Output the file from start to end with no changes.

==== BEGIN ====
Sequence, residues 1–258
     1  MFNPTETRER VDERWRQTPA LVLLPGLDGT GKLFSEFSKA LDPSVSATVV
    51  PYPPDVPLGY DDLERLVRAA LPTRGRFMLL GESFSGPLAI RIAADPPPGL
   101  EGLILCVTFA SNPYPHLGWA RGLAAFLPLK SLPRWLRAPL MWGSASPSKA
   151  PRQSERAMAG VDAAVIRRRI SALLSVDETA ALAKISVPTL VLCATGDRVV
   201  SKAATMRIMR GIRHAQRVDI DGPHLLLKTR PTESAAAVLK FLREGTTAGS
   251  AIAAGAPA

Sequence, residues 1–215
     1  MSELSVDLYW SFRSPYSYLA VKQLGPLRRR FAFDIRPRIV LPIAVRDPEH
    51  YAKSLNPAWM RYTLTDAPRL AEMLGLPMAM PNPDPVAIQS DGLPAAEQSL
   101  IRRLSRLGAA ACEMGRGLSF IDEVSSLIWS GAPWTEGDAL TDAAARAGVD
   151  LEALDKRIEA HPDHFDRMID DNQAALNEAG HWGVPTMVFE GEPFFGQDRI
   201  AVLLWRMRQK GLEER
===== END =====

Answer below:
Sequence, residues 1–258
     1  MFNPTETRER VDERWRQTPA LVLLPGLDGT GKLFSEFSKA LDPSVSATVV
    51  PYPPDVPLGY DDLERLVRAA LPTRGRFMLL GESFSGPLAI RIAADPPPGL
   101  EGLILCVTFA SNPYPHLGWA RGLAAFLPLK SLPRWLRAPL MWGSASPSKA
   151  PRQSERAMAG VDAAVIRRRI SALLSVDETA ALAKISVPTL VLCATGDRVV
   201  SKAATMRIMR GIRHAQRVDI DGPHLLLKTR PTESAAAVLK FLREGTTAGS
   251  AIAAGAPA

Sequence, residues 1–215
     1  MSELSVDLYW SFRSPYSYLA VKQLGPLRRR FAFDIRPRIV LPIAVRDPEH
    51  YAKSLNPAWM RYTLTDAPRL AEMLGLPMAM PNPDPVAIQS DGLPAAEQSL
   101  IRRLSRLGAA ACEMGRGLSF IDEVSSLIWS GAPWTEGDAL TDAAARAGVD
   151  LEALDKRIEA HPDHFDRMID DNQAALNEAG HWGVPTMVFE GEPFFGQDRI
   201  AVLLWRMRQK GLEER